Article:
Solid extraction of organic compounds : a critical review - Part II

Abstract : Solid Phase Extraction (SPE) is the most widely used method for the extraction, changing of solvents, clean-up, concentration and fractioning of organic compounds from clinical, biological, industrial, environmental, marine and food samples. However, most SPE procedures are still poorly developed with little consideration to the physics involved in the process and are described as a largely empirical, labour intensive and time consuming trial and error process, without much systematization. Here we attempt to throw the light on a lot of disagreements concerning the suitability of each sorbent for the extraction of a number of compounds, conditioning, washing off and elution protocols and regarding the recoveries achieved by a particular SPE protocol. This serious lack of systematization and homogenization makes difficult the efficient implementation of reliable SPE procedures. Particularly, this part is focused on the advantages and disadvantages of SPE vs Liquid-Liquid Extraction (LLE), controversies and contradictions found in literature as regards selection of sorbents, optimization of conditioning and elution protocols and recoveries by SPE. Moreover, it reveals the lack of selectivity of most of sorbents and SPE protocols and also includes the following sections: applications of SPE, fractionation by SPE, outlook and perspectives and conclusions.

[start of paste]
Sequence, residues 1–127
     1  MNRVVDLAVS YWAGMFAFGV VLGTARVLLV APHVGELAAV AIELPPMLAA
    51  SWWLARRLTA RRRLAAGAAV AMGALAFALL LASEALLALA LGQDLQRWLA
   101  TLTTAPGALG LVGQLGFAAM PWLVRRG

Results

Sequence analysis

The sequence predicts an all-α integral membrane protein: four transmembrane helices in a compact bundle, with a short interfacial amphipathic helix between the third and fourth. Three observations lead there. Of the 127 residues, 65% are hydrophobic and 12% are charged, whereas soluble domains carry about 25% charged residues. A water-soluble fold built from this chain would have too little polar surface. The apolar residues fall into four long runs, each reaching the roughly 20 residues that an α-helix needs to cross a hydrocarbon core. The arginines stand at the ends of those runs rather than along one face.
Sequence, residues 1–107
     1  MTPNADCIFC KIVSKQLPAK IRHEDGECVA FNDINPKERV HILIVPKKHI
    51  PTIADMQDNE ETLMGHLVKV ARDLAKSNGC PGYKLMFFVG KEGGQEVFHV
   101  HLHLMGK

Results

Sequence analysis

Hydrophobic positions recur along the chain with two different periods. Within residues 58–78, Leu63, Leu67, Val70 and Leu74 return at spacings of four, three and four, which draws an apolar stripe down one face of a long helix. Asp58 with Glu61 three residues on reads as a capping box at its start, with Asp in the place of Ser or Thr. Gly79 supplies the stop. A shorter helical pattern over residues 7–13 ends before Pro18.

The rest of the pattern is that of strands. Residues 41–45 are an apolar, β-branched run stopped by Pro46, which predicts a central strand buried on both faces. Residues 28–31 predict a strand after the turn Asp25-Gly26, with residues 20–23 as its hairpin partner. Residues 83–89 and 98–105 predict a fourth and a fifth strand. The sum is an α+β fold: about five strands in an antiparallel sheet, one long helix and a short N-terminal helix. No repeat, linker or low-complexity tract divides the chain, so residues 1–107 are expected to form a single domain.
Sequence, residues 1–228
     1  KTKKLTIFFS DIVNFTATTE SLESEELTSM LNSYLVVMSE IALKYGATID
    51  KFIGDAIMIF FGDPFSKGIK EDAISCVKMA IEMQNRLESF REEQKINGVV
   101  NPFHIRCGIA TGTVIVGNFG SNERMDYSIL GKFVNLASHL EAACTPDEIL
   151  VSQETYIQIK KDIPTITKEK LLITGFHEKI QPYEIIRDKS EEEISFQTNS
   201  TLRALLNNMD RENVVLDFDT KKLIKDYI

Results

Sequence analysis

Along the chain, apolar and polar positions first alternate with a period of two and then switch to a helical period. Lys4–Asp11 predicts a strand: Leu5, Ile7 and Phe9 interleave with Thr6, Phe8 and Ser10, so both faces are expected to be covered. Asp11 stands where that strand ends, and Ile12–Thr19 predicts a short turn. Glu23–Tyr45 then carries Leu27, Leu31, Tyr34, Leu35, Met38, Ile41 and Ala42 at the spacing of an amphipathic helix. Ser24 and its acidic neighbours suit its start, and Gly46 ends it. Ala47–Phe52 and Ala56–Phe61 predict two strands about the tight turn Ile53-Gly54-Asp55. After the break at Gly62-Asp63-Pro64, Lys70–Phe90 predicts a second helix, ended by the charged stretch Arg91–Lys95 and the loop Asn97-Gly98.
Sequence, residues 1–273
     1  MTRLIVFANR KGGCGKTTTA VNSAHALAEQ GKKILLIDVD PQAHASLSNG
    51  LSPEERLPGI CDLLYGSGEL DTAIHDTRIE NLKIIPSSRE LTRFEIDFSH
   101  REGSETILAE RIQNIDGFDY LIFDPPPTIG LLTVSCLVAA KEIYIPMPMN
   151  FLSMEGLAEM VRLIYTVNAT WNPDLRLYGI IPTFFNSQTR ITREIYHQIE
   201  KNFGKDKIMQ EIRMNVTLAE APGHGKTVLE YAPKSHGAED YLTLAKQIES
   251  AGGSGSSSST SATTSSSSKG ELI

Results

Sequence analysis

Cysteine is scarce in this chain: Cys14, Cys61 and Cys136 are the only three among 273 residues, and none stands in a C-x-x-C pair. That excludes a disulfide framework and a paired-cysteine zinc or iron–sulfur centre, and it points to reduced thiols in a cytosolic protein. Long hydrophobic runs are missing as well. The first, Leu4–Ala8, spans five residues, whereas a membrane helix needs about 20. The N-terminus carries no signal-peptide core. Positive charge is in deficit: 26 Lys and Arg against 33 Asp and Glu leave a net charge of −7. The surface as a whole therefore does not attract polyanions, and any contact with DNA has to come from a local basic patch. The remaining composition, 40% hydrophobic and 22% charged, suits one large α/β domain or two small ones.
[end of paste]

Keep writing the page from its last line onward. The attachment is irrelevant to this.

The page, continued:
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Journal articles
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https://hal.archives-ouvertes.fr/hal-01245627
Contributor : Valérie Leroy-Cancellieri <>
Submitted on : Thursday, December 17, 2015 - 2:37:23 PM
Last modification on : Wednesday, March 20, 2019 - 1:20:18 AM

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Aurea Andrade-Eiroa, Moisés Canle L., Valérie Leroy-Cancellieri, Cerdà Victor. Solid extraction of organic compounds : a critical review - Part II. Trends in Analytical Chemistry, Elsevier, 2015, 80, pp.655-667. ⟨10.1016/j.trac.2015.08.014⟩. ⟨hal-01245627⟩

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